Manufacturing activity varied around the country, but there was one common thread: Factories reported "pronounced weakness" in housing-related industries as well as the automobile business. The Fed, in a separate report Wednesday, said production by big industry was flat in December, fresh evidence of an economic slowdown.

    Mayland was more graphic. "Manufacturers have gotten cold feet," he said.

    Businesses are having to cope with high costs for energy and food, too. That's squeezing profit margins for companies and boosting prices to some customers.

    Consumer prices moderated in December, rising by 0.3 percent, the Labor Department reported Wednesday. For all of 2007, prices jumped 4.1 percent, the biggest increase in 17 years.


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    Imagine if I highlighted the whole effing thing. Damn the Fed for being drug down by that whining liberal press.
     
  2. SamFisher

    SamFisher Contributing Member

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    ^I can't believe news outlets like AP that put quotes around "subprime" as if it's a word in a different language. If you know enough to read about rate cuts, you should have seen the word subprime (or sub-prime) before.

    sorry- just a random pet peeve.
     
  3. Mr. Clutch

    Mr. Clutch Contributing Member

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    CNBC is funny. They have an interest in a strong stock market, otherwise no one will watch. I find Larry Kudlow and some of his guests to be total hacks.

    If our economy can be forced into recession by a bunch of talk, then how fragile is it? Seriously, that sounds like a silly theory to me.

    It's just funny watching some of the CNBC people squirm through all this and be in utter denial of what we are facing. I've been watching it the past year because I felt the bubble was about to burst, and they keep telling everyone to BUY BUY BUY even as things go lower.

    When things go up, they say BUY because it's going higher. When things are going down, they say "people are stupid, they are overeacting, and NOW it's the time to buy because stocks are cheap!" Yeah right.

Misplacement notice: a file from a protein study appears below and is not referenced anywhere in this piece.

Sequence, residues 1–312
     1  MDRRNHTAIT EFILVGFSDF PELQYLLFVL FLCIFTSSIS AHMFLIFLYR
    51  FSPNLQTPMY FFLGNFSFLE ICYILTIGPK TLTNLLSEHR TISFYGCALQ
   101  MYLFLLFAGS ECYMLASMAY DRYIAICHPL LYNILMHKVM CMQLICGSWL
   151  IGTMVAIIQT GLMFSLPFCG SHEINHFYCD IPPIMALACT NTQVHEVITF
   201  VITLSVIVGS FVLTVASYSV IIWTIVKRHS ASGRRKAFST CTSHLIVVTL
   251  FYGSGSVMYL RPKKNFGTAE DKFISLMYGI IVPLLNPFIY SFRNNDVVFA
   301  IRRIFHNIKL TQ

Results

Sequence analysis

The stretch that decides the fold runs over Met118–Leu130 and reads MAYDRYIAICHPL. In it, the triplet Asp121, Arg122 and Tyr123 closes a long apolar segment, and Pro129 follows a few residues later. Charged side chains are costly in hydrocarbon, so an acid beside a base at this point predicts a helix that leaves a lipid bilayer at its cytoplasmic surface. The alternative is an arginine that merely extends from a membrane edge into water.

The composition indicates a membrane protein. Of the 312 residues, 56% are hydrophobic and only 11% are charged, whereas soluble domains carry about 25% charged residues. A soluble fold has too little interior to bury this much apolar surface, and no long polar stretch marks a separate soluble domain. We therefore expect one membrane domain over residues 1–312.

I really enjoy whenever Jim Rodgers is on there though. He is brilliant and knows what he is talking about.
     
  4. Mr. Brightside

    Mr. Brightside Contributing Member

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    Rogers was the genius behind Quantum. It wasn't Soros, although most people like to think so.

    Rogers talks about the super commodity bull cycle we are in right now. It is year 6 of a 15-20 year bull cycle. You can find ETF's that invest in them like DBA and some of the precious metal ETF's (GLD, SLV) as well.

    I still think the market has some more ways down to go. I just don't see enough fear in the market right now. Another 500-600 points on the DJIA or so should do it. I think everyone is waiting for a 75 bps cut by the Fed, and thus are complacent.

    The Fed will cave into the pressure of the politico's and the general public by cutting rates again and again just to save the stock market. Recession's in itself are not bad or unnatural. They are normal happenings that are required every so often to re-balance the natural order of things. Inflation is clearly out of control, and the Fed is doing nothing about it. This anticipated next round of rate cuts will just plunge the US Dollar further into oblivion. This will send commodity prices higher and higher. Thus a good time to be in any sort of commodity, namely agriculture, and metals.

    The only bright point for bullish investors is the TED Spread is not showing as much credit disturbance or turmoil as the indicator had been showing a few months ago.

    On the international front, India (INP) and Malaysia (EWM) seem to be shaking off any US market contagion that is present. I don't factor in China, since its inherently volatile although Shangai is still up for the year.

    But when you have terrible December holiday retail figures coupled with the job figures, you know the trouble is just getting started for the overall economy.
     
  5. robbie380

    robbie380 ლ(▀̿Ĺ̯▀̿ ̿ლ)
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    hey mr. brightside do you have any idea why INP trades so far above it's NAV? i haven't been able to figure it out.
     
  6. mc mark

    mc mark Contributing Member

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    From today's NYTs

    Jr may hold stimulus package hostage as leverage to press congress to make tax cuts permanent.

    --------------


    WASHINGTON — As President Bush weighs a stimulus package to jump-start the sagging economy, a debate has broken out inside the White House over how hard to push Congress to make Mr. Bush’s tax cuts permanent — a priority for the president, but one that Democrats say would kill the plan before it is even considered.